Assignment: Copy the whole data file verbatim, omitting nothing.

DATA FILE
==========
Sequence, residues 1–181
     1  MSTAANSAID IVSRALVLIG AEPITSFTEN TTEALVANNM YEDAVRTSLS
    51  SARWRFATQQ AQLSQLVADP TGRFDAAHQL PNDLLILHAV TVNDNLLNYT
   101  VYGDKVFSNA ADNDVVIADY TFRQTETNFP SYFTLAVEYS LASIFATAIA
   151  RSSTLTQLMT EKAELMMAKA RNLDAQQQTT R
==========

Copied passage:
Sequence, residues 1–181
     1  MSTAANSAID IVSRALVLIG AEPITSFTEN TTEALVANNM YEDAVRTSLS
    51  SARWRFATQQ AQLSQLVADP TGRFDAAHQL PNDLLILHAV TVNDNLLNYT
   101  VYGDKVFSNA ADNDVVIADY TFRQTETNFP SYFTLAVEYS LASIFATAIA
   151  RSSTLTQLMT EKAELMMAKA RNLDAQQQTT R